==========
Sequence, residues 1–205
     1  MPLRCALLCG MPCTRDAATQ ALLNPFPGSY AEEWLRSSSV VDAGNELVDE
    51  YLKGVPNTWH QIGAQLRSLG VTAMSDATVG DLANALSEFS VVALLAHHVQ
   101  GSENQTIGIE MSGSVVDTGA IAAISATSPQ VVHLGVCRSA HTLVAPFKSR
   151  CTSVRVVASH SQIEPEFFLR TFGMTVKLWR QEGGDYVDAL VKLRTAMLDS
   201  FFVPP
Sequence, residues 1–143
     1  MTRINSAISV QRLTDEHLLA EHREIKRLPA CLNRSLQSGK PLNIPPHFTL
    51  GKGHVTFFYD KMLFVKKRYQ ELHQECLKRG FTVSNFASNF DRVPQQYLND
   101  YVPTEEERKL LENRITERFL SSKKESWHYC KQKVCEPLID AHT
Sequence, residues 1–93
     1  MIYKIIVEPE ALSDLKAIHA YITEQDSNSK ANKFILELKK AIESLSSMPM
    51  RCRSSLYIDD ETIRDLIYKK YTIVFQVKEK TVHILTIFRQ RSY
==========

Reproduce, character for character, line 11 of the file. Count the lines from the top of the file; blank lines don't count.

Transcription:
Sequence, residues 1–93